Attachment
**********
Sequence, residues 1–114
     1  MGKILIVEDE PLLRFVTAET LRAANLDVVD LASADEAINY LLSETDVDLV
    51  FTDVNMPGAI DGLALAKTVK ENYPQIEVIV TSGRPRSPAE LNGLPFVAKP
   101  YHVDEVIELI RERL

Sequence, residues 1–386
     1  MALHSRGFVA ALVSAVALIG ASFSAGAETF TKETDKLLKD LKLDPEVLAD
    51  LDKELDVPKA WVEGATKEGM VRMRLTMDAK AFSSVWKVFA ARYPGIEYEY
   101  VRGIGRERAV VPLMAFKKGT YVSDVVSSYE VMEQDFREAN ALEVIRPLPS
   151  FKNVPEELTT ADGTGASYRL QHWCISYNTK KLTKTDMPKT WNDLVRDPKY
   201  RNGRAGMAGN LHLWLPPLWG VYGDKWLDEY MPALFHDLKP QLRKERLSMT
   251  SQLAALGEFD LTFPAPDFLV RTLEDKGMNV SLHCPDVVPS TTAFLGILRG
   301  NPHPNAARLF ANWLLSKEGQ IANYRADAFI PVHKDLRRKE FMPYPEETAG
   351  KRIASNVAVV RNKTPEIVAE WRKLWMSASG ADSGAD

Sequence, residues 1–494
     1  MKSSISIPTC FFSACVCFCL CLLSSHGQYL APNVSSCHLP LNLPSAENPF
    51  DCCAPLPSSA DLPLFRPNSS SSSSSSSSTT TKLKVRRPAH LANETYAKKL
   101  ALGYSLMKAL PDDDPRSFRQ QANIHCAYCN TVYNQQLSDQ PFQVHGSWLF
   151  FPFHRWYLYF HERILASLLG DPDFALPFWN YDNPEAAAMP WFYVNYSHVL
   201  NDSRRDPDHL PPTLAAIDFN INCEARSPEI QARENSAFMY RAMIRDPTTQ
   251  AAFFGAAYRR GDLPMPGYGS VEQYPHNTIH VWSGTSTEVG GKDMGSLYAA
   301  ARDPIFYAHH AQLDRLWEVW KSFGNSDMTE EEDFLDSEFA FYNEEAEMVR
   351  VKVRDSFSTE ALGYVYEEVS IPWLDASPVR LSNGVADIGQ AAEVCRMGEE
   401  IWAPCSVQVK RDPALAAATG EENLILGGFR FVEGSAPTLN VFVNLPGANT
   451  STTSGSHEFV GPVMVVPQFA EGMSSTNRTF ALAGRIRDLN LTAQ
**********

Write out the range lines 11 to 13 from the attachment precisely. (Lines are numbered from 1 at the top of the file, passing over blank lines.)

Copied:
   251  SQLAALGEFD LTFPAPDFLV RTLEDKGMNV SLHCPDVVPS TTAFLGILRG
   301  NPHPNAARLF ANWLLSKEGQ IANYRADAFI PVHKDLRRKE FMPYPEETAG
   351  KRIASNVAVV RNKTPEIVAE WRKLWMSASG ADSGAD